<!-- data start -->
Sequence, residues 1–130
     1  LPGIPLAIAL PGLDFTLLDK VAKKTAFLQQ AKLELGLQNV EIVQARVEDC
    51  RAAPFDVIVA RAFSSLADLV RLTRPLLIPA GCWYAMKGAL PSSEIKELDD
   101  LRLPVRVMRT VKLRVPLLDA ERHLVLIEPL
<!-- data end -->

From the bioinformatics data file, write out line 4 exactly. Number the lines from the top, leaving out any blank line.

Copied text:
   101  LRLPVRVMRT VKLRVPLLDA ERHLVLIEPL